(Sophie Reiss/Profile Desk)

Little Five Points, which their website proclaims is Atlanta’s “hub for culture and creativity,” has displayed the city’s counterculture since the ’70s. With its streets lined with record shops, thrift stores and funky bars, the neighborhood has served as a meet-up spot for Atlantans from all walks of life. 

The streets of Little Five Points were busier than usual on April 6 with hardcore music, local vendors and skateboarders weaving through the commotion. They were taking part in Little 5 Fest — an annual festival that beckons Atlantans to “catch Atlanta’s sickest bands, artists and skaters.” Little 5 Points Business Association and Market Hugs sponsored the event.

The festival took place on Seminole Avenue, the back road behind eclectic clothing store Junkman’s Daughter and Stratosphere Skateboards, with local vendors packed in the street bookended by two musical stages on either side. In the five-minute walk along the vendor-packed street, attendees could get a haircut and a massage, browse handmade jewelry and admire hand-painted clothes. 

Each booth was operated by independent artists and business owners, giving them the chance to interact with each other. Candace Brower is the owner of Pollen8 Houseplants and Landscape Design, a nostalgic film-themed plant shop on Moreland Avenue in Little Five Points. It was Brower’s first time as a vendor at Little 5 Fest. Her plant-filled booth was set up next to the skate stage, where local bands performed against the backdrop of skateboarders gliding up and down makeshift skate ramps. Festival-goers wove in and out of her booth, admiring the brightly painted plant holders. 

Brower emphasized how all the Little 5 Fest vendors collectively contribute to the atmosphere of the event. 

“We’re all like a team,” Brower said. “And we just all work together, and it’s really awesome to be a part of a collective. We all look out for each other, so it’s awesome.”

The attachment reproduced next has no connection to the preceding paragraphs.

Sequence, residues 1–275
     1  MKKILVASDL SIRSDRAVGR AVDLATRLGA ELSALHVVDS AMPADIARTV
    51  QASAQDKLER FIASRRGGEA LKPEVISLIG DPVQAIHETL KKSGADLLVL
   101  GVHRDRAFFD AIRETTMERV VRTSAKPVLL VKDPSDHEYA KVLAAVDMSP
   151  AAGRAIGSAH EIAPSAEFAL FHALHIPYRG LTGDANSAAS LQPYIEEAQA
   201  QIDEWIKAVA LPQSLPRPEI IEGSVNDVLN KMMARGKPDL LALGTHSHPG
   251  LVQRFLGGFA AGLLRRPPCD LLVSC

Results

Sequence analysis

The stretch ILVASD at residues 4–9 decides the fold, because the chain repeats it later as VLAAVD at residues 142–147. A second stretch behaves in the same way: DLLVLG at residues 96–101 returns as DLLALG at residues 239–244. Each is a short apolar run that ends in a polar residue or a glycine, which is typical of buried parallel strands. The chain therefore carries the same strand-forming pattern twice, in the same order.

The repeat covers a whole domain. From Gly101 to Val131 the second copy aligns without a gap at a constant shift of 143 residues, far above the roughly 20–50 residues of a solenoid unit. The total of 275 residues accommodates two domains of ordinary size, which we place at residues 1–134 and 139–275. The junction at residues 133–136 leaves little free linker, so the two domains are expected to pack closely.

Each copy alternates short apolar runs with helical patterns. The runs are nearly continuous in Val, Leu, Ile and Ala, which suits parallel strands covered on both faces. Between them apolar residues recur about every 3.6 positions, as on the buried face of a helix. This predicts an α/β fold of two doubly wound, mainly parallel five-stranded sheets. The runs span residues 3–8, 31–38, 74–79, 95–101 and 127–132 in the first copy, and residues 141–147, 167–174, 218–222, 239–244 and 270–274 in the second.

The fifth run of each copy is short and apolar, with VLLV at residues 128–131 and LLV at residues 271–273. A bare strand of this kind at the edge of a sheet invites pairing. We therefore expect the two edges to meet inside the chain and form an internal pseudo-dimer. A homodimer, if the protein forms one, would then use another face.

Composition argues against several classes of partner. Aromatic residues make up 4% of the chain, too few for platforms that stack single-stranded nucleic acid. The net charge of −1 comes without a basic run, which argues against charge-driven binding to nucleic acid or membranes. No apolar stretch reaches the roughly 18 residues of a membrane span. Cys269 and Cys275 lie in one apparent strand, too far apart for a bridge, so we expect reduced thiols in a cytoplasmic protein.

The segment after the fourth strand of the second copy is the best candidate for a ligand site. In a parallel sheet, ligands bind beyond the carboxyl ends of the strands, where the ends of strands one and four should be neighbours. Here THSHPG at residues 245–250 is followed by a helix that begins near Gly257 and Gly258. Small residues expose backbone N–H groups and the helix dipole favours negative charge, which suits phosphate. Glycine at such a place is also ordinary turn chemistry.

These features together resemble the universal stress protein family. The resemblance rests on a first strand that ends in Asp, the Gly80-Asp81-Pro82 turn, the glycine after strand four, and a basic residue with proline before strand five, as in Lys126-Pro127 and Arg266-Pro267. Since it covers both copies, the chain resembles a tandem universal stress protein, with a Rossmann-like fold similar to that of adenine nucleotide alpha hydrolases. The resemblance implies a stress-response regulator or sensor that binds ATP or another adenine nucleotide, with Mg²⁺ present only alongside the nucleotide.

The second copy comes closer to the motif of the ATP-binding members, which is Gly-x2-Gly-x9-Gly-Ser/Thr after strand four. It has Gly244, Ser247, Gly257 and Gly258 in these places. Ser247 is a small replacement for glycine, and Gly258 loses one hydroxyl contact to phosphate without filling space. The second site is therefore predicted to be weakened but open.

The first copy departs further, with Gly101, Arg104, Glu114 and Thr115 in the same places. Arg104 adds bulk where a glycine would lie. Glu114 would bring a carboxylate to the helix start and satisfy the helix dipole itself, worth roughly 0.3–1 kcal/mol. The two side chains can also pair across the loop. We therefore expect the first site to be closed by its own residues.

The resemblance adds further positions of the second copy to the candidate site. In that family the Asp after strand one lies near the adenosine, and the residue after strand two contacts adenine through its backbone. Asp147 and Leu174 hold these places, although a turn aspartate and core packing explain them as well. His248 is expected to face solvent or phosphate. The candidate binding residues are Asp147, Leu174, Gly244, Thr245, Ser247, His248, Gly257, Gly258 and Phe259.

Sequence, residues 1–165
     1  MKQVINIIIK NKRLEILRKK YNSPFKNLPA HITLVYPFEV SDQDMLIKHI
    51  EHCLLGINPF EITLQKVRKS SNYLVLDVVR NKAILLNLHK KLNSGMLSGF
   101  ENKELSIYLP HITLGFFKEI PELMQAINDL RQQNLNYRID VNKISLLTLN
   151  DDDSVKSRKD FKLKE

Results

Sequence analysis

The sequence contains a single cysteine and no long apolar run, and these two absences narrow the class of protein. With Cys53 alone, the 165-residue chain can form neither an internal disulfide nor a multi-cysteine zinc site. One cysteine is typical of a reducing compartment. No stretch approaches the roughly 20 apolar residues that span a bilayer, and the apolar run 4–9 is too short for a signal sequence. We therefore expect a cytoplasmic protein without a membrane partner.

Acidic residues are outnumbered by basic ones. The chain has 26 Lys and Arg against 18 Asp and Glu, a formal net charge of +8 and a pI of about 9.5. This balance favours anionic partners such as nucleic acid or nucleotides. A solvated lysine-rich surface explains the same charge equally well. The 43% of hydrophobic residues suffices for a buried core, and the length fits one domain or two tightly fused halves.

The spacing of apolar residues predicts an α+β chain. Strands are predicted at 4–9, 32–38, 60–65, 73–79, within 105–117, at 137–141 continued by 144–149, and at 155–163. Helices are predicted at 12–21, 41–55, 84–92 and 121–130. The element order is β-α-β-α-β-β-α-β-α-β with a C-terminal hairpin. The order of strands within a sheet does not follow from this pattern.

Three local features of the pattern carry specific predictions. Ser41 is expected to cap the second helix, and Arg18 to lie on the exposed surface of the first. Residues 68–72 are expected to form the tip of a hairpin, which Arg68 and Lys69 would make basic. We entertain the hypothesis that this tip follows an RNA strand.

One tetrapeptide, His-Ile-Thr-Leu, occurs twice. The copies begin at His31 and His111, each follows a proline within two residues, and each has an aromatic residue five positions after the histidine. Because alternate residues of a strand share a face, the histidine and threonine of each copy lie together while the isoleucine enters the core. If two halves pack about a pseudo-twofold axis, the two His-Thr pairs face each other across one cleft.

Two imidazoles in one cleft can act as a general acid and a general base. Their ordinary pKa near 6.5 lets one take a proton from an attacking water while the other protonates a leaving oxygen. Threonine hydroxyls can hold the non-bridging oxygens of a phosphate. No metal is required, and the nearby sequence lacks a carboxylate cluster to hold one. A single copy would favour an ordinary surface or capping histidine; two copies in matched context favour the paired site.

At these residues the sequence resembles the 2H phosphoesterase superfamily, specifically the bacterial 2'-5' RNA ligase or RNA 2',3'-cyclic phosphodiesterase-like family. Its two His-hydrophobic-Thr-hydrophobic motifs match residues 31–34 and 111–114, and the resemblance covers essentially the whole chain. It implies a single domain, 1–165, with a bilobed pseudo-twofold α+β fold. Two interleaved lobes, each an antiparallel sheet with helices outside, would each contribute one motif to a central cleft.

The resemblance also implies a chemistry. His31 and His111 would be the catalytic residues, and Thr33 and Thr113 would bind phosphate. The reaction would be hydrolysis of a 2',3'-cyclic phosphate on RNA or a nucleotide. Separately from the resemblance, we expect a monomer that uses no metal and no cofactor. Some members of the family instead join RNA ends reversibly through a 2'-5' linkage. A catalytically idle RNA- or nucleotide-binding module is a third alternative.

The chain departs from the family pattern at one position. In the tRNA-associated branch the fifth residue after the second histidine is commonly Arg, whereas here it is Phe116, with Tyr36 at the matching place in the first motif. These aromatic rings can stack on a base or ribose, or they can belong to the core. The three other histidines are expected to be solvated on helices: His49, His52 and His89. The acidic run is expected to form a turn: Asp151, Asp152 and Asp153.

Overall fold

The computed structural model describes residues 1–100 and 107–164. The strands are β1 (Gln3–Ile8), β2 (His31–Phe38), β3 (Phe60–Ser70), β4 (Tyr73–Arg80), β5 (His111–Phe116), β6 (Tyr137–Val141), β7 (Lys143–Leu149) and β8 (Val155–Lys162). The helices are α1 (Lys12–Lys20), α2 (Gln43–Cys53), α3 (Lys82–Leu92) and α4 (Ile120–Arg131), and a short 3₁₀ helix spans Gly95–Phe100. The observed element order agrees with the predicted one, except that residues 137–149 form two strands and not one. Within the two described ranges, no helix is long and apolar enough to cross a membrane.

From 1 p.m. to 8 p.m., local bands filled the two stages as the joyfully chaotic noise spread throughout the street. GutBust, an Atlanta hardcore band, played in the late afternoon on the skate stage. As the lead singer screamed over heavy drums and guitar, audience members opened up a mosh pit in front of the performance. They kicked and shoved with a playful violence as they enjoyed the music, smiles beaming on their faces. 

Known for their genre-bending, aggressive music style and anti-establishment lyrics, hardcore punk bands like GutBust have been contributing to local music scenes, like this one, across the country since the 1970s.   

Lilith Apodaca was one of the moshers. An Atlanta local, she has been “obsessed with music” for over 12 years and has found community through attending local music events.

“I feel like the local scene is kind of for anybody,” Apodaca said. “Anyone can be part of it if they want to, and they can start a band if they want to. I think accessibility is what makes it really easy [to get into].”

The accessibility that Apodaca referred to and the community that Brower found is something that has also resonated with Anna Zhai (27C), an Emory student who grew up in Atlanta. Although she has walked the streets of Little Five Points for years, this was her first time attending Little 5 Fest.

“The more you come out to these events, the more people you end up knowing, and it just becomes a nice community where people know each other and work together on projects,” Zhai said.

As the streets ebbed and flowed with festival-goers and the mosh pits expanded and contracted, the steady hum of a neighborhood alive with art remained. A sense of familiarity hung in the air; attendants mingled with vendors, greeted old friends, and sang along to the obscure music.

“When I think of Atlanta as my hometown, I think about Little Five Points,” Zhai said.

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Sophie Reiss (25C, she/her) is from Atlanta, GA and is majoring in history and English and creative writing. Outside of writing for the Wheel, she plays on Emory’s Women and Gender Expansive Frisbee Team, and is involved in the Emory Pulse. She enjoys taking naps in odd places and poetry.